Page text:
National parks promote bicycling to expand transportation options

Cyclists participating in Shenandoah's Ride the Drive event are greeted by a park ranger. 
National parks around the country are promoting biking to address congestion and provide new ways to travel to and experience parks.

MISSOULA, MONT, July 10, 2018 – Long lines of vehicles, congested parking lots, and associated impacts on wildlife are prompting national parks to explore how to provide other transportation options for visitors. Biking is a low-impact and low-stress way that parks are encouraging visitors to travel to and experience parks, particularly in shoulder seasons. Visitation has increased 19 percent over the last six years while budgets and staffing to manage these transportation challenges have decreased.

According to the Outdoor Industry Association, about 46 million Americans participate in biking as an outdoor recreation activity, and last year the National Park Service reported 331 million recreation visits.

“The boom in bike travel, events, mountain and fat biking, and even electric bikes, combined with park visitation setting new records each year, is causing the NPS to look at the role bikes can play in providing new and exciting ways to experience parks,” said Saara Snow, parks liaison for Adventure Cycling Association, a national nonprofit working to increase biking opportunities in parks.

“We’re seeing growing interest in events like car-free days and Bike Your Park Day to encourage biking, as well as a focus on bike safety, infrastructure, and even bike camping improvements.” Last April, Adventure Cycling renewed a partnership agreement with the NPS, to help parks accomplish biking initiatives while leveraging increasingly limited staff capacity and funding.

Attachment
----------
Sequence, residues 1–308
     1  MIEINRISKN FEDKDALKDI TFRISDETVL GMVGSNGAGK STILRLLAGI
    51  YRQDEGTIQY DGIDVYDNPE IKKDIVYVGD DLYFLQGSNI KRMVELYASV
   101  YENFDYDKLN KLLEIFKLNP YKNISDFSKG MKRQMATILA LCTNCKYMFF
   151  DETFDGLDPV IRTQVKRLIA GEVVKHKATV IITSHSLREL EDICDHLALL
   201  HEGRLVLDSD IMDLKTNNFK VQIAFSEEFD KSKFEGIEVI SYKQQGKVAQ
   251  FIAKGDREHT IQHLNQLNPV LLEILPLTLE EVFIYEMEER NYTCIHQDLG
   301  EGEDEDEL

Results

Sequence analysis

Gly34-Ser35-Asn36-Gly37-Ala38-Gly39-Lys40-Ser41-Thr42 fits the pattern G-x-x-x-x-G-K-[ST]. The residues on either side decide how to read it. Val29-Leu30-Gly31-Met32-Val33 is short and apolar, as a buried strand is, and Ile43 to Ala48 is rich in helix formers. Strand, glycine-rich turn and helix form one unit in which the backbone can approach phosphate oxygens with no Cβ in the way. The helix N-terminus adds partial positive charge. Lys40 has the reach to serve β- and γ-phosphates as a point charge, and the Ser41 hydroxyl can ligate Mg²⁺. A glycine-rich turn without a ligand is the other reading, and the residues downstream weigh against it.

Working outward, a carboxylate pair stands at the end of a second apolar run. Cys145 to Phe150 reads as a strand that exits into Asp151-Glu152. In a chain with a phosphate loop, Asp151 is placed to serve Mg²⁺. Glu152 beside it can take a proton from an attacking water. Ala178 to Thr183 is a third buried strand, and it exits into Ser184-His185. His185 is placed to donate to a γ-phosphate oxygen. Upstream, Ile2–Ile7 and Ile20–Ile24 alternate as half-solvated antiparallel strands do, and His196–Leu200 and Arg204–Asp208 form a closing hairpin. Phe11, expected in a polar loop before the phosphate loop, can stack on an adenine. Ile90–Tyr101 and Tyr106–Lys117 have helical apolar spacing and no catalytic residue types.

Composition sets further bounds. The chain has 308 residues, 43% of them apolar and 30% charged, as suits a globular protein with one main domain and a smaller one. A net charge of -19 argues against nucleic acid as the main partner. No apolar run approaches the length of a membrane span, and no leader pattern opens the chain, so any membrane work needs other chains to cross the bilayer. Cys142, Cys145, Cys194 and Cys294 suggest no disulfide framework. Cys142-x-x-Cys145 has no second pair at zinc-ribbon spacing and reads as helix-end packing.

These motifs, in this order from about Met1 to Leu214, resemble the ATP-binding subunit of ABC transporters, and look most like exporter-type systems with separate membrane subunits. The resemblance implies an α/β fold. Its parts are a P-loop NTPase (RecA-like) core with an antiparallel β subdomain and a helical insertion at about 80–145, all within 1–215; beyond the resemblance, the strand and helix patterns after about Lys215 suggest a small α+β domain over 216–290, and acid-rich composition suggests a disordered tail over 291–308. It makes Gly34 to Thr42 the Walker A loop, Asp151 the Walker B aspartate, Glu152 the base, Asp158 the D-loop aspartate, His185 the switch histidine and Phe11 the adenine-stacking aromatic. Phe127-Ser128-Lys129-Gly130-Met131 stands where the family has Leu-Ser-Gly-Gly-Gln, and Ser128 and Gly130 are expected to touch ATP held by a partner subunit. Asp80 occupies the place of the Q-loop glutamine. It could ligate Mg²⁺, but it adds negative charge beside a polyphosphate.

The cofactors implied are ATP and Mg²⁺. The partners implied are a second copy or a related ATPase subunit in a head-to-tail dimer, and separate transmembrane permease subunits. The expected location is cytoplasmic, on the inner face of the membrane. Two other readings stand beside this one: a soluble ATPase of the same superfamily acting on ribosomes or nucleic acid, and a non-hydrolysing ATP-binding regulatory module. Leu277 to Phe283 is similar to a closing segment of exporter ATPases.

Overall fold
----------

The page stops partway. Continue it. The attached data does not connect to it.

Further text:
Some parks are also looking at improving bike infrastructure to encourage more people of different ages and skill levels to bike. Death Valley is considering bike facility improvements while other parks, like Grand Canyon, are evaluating how to encourage more people to bike into the park on the 6.5-mile Tusayan Greenway trail as an alternative to driving in with their vehicles.

Crater Lake, Shenandoah, and Glacier are a few of the dozen or so parks that have experimented with car-free days, temporarily restricting sections of park roads to non-motorized use, primarily biking and walking. For the last five years, Crater Lake has dedicated two Saturdays in September to Ride the Rim, a car-free event that started with 500 participants and has grown to over 5,000. Its popularity has grown to draw people from outside of Oregon and is so successful that the park may have to cap participation.

Shenandoah saw similar interest with their 2017 car-free event called Ride the Drive, when the 4,000-person registration limit was reached within hours of opening registration. And Glacier’s bicycle counts have revealed that of the 12,000 bicyclists that visited the park last year, almost 10,000 of them visited during the spring season before Going-to-the-Sun Road opens to motorized traffic.